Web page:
Sort of...the College Board requires that the material be covered, and covering it all means memorizing a lot.

My eldest started APUSH with Hopkins CTY and it was a disaster that he dropped after 2 weeks. Memorize, regurgitate, move on. The "essays" were to be written in 40 minutes online. It was all test prep and minimal in the way of meaningful content. And this was via CTY.

I don't recall having to do a whole lot of writing in the college history course I took.

I'm going to posit that this is a more-often-than-not thing, and that it's a big problem. Historians synthesize data, draw conclusions, and write about it. In that sense, history is similar to an observational science. Obviously, there are differences, but in history, if you want to make a claim, you have to back it up with data.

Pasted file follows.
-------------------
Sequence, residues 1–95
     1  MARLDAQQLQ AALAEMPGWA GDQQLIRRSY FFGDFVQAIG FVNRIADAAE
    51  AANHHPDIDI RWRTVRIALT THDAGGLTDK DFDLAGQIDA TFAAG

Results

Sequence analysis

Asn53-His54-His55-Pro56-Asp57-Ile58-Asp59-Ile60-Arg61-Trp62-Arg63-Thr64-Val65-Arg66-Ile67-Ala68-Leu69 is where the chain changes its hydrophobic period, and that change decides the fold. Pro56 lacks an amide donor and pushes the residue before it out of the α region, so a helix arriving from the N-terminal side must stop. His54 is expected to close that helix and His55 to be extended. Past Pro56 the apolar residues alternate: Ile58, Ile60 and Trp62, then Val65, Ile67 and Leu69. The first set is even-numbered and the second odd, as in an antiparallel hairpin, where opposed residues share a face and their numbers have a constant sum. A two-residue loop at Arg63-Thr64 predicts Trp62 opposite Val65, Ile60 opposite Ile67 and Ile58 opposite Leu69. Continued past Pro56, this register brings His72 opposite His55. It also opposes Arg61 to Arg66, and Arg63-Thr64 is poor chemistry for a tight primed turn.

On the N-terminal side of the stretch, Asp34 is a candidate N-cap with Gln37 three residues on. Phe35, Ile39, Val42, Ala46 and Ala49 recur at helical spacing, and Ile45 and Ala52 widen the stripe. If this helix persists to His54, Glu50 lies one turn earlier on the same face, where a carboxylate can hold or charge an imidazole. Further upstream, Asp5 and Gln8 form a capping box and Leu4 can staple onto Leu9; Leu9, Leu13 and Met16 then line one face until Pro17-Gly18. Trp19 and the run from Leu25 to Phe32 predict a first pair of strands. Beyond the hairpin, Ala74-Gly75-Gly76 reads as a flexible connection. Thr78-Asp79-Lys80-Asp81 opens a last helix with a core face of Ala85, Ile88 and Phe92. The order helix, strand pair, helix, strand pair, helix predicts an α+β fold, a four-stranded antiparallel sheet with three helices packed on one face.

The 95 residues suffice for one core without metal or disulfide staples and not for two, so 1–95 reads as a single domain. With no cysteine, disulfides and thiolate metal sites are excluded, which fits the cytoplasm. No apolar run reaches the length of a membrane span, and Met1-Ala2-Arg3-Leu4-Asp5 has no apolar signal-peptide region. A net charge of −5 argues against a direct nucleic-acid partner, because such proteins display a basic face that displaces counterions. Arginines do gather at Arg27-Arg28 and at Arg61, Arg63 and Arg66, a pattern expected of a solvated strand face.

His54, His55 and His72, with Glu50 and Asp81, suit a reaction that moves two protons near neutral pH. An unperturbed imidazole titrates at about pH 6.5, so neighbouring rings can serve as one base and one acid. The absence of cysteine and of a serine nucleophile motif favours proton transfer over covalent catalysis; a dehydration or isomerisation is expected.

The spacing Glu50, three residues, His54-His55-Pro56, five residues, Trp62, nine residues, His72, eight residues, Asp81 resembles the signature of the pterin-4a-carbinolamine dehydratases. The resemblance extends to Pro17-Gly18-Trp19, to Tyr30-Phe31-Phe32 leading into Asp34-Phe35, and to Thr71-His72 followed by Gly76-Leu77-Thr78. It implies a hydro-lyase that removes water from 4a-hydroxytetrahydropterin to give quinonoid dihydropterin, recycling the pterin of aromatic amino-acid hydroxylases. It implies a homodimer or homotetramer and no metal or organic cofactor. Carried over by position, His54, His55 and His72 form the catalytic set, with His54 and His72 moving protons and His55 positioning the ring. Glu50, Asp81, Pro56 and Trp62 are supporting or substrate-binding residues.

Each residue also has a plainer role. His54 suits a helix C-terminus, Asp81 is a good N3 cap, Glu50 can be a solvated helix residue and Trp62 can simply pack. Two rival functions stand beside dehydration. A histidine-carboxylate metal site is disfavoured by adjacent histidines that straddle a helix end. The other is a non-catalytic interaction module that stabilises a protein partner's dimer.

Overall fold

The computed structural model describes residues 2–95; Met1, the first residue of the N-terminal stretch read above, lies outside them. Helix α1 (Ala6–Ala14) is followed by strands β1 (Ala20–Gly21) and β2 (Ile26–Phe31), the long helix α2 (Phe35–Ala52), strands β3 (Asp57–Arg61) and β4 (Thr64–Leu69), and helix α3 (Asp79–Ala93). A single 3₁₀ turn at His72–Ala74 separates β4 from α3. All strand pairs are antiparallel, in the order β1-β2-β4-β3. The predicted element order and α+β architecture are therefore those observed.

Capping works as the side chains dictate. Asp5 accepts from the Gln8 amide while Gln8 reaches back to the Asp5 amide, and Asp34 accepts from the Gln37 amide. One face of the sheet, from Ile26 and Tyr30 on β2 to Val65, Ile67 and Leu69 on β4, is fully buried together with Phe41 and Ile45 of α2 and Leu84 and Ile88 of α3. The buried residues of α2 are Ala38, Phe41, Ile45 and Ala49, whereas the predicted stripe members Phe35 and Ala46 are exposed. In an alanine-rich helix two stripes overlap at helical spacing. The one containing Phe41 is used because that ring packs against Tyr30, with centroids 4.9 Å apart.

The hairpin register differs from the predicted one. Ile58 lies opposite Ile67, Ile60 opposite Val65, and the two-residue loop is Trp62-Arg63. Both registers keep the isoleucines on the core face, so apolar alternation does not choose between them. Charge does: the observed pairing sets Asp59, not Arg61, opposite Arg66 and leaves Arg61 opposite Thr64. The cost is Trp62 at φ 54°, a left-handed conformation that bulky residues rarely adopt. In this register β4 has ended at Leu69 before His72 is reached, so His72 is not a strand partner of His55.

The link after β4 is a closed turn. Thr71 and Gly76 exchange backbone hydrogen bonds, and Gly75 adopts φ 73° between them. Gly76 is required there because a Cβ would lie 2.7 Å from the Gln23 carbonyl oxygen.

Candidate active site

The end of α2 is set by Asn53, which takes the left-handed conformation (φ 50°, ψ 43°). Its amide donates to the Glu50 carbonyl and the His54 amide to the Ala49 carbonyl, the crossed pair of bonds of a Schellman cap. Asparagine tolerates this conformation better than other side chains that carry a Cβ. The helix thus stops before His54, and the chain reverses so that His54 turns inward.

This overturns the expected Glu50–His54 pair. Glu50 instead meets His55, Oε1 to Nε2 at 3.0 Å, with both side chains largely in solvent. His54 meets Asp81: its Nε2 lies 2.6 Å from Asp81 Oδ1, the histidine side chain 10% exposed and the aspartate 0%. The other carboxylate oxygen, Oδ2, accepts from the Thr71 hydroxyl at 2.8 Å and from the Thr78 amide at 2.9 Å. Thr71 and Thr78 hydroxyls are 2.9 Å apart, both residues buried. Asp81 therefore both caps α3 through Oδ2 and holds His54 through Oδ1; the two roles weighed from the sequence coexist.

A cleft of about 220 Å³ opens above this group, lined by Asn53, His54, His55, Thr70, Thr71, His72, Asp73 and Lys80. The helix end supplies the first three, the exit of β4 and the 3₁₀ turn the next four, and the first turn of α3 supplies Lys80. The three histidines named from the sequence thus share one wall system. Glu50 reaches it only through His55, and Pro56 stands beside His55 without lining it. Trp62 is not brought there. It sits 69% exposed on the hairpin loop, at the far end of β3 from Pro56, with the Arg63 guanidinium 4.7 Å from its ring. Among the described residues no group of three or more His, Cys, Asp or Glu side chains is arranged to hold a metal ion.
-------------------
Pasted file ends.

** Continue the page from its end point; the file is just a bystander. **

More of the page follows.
Reading texts and primary sources, synthesizing information, and writing about it coherently is very, very hard. American students don't learn how to do this, by and large, and it creates a huge skill gap here, which shows. Our education system and culture have a short-term focus, which creates all kinds of problems (e.g. not seeing the value of a subsidized university education).

AP humanities and social sciences classes fit right into that category, in that they aren't focused on teaching students how to analyze information at a honest college level. Instead, they focus on "learning the material" and a relatively superficial understanding of causes and effects. Knowing which admiral was in charge in the Pacific in 1943 and why specific battles were fought is very different from understanding the overall environment that led to the war and etc. The AP approach tends toward the superficial end of the learning pool. This is okay-ish for high school. Not so much for a good college, by a wide margin.